Sometimes the words of our leaders can have a telling impact on strategic outcomes—interpretations limit strategic and operational adaptability and effectiveness. That may prove to be the case with words from the US president’s most recent speech outlining a four-point coalition strategy to defeat ISIL (otherwise known at ISIS or Islamic State). Specifically, the words, ‘combat mission’ may constrain coalition leaders at all levels from taking certain actions that could mean the difference between the success and failure of the campaign. The first argument over those words is likely to be about whether or not coalition advisers will be allowed to accompany their indigenous units on combat missions.
In previous speeches about assisting Syrian rebels, the president has emphasised that he wouldn’t put ‘boots on the ground’. Retired General Anthony Zinni has openly criticised the president for that and other statements. Leaders of other coalition countries have used similar language. Though the president avoided the phrase ‘boots on the ground’ in his most recent speech, he stated that the troops deploying to Iraq will ‘not have a combat mission’. Unfortunately, leaders of other coalition countries are also likely to use the same language in order to bolster domestic support—critical, of course, to the success of any campaign.
So what’s a combat mission for soldiers on the ground? Does that restriction mean US and other partner countries’ military advisers will not be able physically to accompany indigenous units (Iraqi or Peshmerga) on offensive operations against ISIL forces? Or will those advisers be allowed to accompany their indigenous units, but only at certain higher-headquarters echelons? The specifics of the implied restriction may sound like semantics to some, but it could be the one thing that determines whether those indigenous units are able to defeat ISIL or are instead themselves defeated again. I submit that the probability of success in this campaign will increase if the coalition advisors are able to accompany their indigenous counterparts. The greater the chances of success, the lower the echelon with which the advisers may go into battle. Those who have ever attempted to advise foreign troops in combat know this from experience.
Morale is the critical vulnerability of the Iraqi forces. By ‘morale’ I don’t mean their overall happiness; I mean their overall and individual will to stand and fight. Iraqi units demonstrated that vulnerability earlier this year when much smaller elements of ISIL fighters routed superior elements of the Iraqi Army, which then disintegrated and abandoned en masse millions of dollars worth of military hardware. Even the proud Peshmerga may be afflicted with low morale given recent defeats. So why is anyone confident that these reconstituted or newly constructed units will have the necessary morale to mount a successful attack against the same ISIL forces that have now had months to prepare? Will airstrikes be enough against an enemy that may be dug in, can disperse readily into the population, or is willing to use suicide bombers? Even if morale has been rebuilt, it must still be fragile and vulnerable.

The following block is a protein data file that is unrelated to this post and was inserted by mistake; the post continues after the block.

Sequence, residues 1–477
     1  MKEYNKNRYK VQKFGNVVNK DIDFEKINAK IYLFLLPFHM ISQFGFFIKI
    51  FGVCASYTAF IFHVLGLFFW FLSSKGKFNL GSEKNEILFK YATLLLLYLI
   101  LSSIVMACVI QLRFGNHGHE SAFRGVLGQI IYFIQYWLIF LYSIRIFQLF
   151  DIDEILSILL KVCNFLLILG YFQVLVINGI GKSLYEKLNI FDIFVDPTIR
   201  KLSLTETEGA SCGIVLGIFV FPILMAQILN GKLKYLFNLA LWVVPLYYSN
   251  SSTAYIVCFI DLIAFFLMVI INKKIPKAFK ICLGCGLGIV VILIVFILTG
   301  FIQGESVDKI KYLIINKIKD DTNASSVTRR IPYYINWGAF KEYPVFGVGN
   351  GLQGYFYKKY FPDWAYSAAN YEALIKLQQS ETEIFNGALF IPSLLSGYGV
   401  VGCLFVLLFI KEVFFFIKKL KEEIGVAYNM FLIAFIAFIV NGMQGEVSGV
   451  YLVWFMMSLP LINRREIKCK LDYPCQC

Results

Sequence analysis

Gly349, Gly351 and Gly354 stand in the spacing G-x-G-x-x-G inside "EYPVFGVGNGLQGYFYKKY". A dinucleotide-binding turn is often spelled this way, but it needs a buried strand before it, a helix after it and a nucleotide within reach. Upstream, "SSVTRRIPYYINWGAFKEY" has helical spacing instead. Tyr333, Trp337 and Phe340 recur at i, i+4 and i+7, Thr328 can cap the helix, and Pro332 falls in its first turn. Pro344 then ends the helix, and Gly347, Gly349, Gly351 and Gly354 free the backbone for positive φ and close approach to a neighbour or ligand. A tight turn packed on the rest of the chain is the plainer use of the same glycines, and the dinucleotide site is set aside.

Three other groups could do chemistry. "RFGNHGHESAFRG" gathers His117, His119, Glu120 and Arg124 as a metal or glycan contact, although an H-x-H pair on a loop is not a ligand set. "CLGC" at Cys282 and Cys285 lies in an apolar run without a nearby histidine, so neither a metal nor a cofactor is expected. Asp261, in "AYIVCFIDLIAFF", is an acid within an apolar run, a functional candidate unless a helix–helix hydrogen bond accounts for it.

Allowing advisers to accompany their counterpart units at the lowest levels will strengthen that vulnerability in three ways: honour, communication, and medical evacuation. Iraqi and Kurdish soldiers are far more likely to fight and less likely to flee if they see advisers sharing the danger of the battle plans those advisers helped construct. Iraqis may also be less likely to commit acts of vengeance on coerced Sunni civilians in the presence of foreign advisers who could threaten the loss of coalition assets if such violations occur. Moreover, coalition advisers—especially the Special Forces—will carry the most reliable communications equipment to direct airstrikes and provide alternate communications when Iraqi communications fail. That will prevent panic and allow for coordination of fire and manoeuvre. Finally, Iraqi forces know that coalition advisers never leave a man behind and always operate with reliable medical evacuation. Both Peshmerga and regular Iraqi army soldiers have witnessed the life-saving abilities of Special Forces medics. A soldier’s will to fight is increased when he knows he has a good chance of coming back alive.
So, when advisers accompany their indigenous units, does it qualify as a combat mission? Certainly the advisers—who are exposed to enemy fire—will think so. Domestic opponents of the leaders of coalition countries will probably also think so and accuse the leaders of breaking their ‘no combat mission’ promise. That’s the problem with the words as chosen. Yet, the US President also elaborated on the spirit behind those words when he said, ‘we will not get dragged into another ground war in Iraq’. Clearly what he’s trying to avoid is having large formations of foreign land forces operating in Iraq as cohesive combat elements doing for Iraq what it must do for itself. Allowing advisers to accompany their indigenous partners might technically go against the letter of what the president and other leaders are saying, but it would be consistent with the spirit, and could mean the difference between success and failure.
Lieutenant Colonel Jan K. Gleiman is an active duty US Army officer and a visiting fellow at ASPI from United States Pacific Command. The views expressed in this post are his own. Image courtesy of Flickr user US Army.